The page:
I was back in my old stomping grounds: Union University. Three years after I had graduated, I returned to speak at a memorial service for the EF-4 tornado that damaged or destroyed 80% of the campus in 2008. I had been trapped under the rubble until rescuers excavated me out. As I walked into the service, my phone rang. It was my executive director back in Memphis calling me. It was a school night.
“I have some news for you: we just got our Winter MAP scores back,” he said.
The NWEA MAP is a nationally normed assessment that measures growth of students throughout the school year in relation to students across the country. At the time, I was the dean of students at my school, which was in its first year as part of the Achievement School District (ASD), a state-run district that approves charter schools to turn-around the lowest performing schools in the state. We were the first elementary charter approved by the ASD, in the first year of the ASD. These scores were important.
“Kindergarten: outpaced the growth of 69% of students with a similar starting score,” he explained in his best dramatic, teaser-trailer voice.
Not bad. Our students were the lowest performing in the state last year, I thought.
“First grade,” he continued, “outpaced the growth of 70% of students with similar starting scores.”
Again, not bad.
“Second grade: outpaced the growth of 98% of students with similar starting scores.”
Wait, what? I turned up the volume on my phone and asked him to say that again. Our second graders were in the 98th percentile in growth? In the nation?
When he added our third graders were in 99th percentile, I think my heart skipped a beat.
It was much needed news. More than news, it was affirmation – a lifeline in the midst of a raging storm. We were doing the right thing. We were changing the trajectories of our students’ futures. But, who were “we,” exactly?
A couple of months before, community tension erupted around our school. A predominantly young, white staff had arrived in a predominantly black neighborhood and replaced a predominantly veteran, black staff at a historically black school. Beyond that, we were changing the school: the name, the colors, the traditions. In this multi-generational community, we were changing the legacy of the community – with or without community approval. Our no excuses model fixated us on a singular goal: college readiness. Everyone would agree this was a good and noble goal. By this fixation, however, we were blinded.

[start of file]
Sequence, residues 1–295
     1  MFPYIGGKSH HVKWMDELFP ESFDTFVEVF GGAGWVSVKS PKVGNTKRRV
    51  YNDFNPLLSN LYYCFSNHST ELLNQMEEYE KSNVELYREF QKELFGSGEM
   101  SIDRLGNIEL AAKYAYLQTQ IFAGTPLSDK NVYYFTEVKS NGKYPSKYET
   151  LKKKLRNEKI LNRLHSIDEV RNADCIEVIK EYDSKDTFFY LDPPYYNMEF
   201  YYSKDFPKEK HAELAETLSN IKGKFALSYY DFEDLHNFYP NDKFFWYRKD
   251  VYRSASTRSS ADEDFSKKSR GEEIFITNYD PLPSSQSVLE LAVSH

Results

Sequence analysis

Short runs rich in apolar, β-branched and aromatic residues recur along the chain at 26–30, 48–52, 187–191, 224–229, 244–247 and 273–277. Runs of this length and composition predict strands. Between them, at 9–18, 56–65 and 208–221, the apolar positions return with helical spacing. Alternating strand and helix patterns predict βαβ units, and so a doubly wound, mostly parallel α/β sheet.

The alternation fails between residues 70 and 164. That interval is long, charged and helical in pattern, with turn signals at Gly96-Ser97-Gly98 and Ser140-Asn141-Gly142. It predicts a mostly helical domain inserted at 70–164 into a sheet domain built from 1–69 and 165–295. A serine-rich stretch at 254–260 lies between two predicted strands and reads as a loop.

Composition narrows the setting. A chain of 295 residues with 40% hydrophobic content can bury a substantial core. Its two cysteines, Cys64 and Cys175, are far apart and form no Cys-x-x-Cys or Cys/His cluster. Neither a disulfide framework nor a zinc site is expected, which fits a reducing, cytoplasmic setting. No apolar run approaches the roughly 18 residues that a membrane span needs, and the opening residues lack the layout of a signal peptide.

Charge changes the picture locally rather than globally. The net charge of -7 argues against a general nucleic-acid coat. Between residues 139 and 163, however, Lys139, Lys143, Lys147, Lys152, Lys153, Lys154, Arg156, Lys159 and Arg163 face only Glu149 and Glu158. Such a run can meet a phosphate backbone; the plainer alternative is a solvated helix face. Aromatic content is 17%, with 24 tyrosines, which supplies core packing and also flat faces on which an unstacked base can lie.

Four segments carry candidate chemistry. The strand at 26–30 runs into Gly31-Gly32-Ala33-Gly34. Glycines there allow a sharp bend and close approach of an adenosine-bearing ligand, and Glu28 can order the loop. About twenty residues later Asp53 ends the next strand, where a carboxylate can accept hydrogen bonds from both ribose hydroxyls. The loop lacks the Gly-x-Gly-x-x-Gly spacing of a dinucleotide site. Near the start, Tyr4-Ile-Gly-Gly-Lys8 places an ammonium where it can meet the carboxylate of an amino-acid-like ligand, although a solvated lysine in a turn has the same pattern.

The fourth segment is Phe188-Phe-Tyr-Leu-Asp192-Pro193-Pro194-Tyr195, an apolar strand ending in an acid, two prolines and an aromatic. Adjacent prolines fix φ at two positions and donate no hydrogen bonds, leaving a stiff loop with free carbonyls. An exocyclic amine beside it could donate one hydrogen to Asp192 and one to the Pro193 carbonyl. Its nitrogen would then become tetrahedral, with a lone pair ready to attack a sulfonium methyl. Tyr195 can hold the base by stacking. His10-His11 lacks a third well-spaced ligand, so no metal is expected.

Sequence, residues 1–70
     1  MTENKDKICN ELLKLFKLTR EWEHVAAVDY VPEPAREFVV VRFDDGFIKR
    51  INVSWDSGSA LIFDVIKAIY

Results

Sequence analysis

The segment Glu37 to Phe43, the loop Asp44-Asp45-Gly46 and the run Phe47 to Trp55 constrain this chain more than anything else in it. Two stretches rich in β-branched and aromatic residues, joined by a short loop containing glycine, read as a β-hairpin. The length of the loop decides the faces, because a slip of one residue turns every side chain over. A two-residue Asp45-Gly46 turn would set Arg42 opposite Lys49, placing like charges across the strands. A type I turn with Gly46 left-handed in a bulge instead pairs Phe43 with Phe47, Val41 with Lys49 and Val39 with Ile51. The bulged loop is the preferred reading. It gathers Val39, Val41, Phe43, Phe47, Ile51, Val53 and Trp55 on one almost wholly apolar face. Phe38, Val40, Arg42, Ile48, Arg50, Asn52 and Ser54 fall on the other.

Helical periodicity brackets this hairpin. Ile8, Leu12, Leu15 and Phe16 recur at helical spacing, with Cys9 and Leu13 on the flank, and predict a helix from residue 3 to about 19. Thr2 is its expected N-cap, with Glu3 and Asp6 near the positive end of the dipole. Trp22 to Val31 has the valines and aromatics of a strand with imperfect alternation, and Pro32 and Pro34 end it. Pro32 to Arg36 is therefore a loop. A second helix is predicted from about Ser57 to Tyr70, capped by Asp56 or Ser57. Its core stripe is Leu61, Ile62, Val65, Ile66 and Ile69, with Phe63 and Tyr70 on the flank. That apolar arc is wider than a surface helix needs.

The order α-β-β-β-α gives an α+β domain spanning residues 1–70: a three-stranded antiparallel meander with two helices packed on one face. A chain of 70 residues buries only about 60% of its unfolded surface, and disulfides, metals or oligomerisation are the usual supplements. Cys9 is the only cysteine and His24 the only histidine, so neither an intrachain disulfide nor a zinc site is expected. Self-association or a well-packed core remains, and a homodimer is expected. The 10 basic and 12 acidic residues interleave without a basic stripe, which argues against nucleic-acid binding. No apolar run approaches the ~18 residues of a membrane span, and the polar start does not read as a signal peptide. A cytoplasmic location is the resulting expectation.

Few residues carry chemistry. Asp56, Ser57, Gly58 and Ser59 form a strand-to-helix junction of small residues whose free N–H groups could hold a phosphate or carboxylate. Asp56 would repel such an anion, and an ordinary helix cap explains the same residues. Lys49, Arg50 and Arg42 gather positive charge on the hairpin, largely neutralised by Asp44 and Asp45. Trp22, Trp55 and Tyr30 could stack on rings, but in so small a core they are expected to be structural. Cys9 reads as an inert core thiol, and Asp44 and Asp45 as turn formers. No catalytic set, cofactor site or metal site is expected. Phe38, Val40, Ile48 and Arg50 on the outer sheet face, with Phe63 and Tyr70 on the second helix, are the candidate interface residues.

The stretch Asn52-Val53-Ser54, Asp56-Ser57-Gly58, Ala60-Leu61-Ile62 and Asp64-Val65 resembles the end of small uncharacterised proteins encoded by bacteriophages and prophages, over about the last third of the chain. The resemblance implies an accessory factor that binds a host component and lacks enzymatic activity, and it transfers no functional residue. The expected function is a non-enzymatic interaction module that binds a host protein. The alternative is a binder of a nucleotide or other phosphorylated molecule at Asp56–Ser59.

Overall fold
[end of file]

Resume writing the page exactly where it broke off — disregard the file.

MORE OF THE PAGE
I continued at that school a second year, and while relationships within the community improved, I still felt we were not doing enough. We were missing critical components that should not only inform, but also drive our work. What are the critical components of a school? I wished I had an answer to that question.
Then I came across Rocketship. I heard the network was planning expansion to Tennessee, and I started researching. There, on the website, within the three pillars, I found them – the critical components: Excellent Teachers & Leaders, Personalized Learning and Engaged Parents. I’d worked as a founding member of another charter network. I’d interviewed at schools across the country. Never had I seen such an obvious value placed on community engagement. Once I saw it, I couldn’t un-see it. A light bulb had ignited in my mind: we can’t seek to partner alongside the community; we need to be part of the community.
I am a Rocketeer because I believe in the necessity of community. Everyone talks about doing what’s best for kids. In my short time with Nashville Northeast Elementary, I have seen that Rocketship doesn’t simply look around the country to mimic best practices of other high-performing schools. We seek to break down archetypes and stereotypes of our kids and communities, building a new narrative based on what we – teachers, leaders, kids and families – all need, which quite frankly, is each other.
Danny is the founding third and fourth grade math teacher at Rocketship’s first school in Tennessee: Nashville Northeast Elementary. He grew up moving between three countries and four states. He loved attending the different public schools in each of his different hometowns, but as an adult, he began to reflect on the vast differences in quality of education he was receiving depending on the zip code of my house. Danny became inspired to become a teacher when he was directly exposed to this reality through the Memphis Teacher Residency. In Memphis public schools, the average ACT score hovers around a 16. Only three percent of students are deemed “college ready” by ACT standards and of those three percent, more than 80 percent come from four public high schools. He became convinced this was a systemic injustice that must be rectified. And the most direct way for him to impact the outcome was to become a highly effective urban teacher. In his sixth year in education, Danny still strives toward that goal each day. In the future, Danny hopes to return to Memphis to open a high-performing, community focused Rocketship school.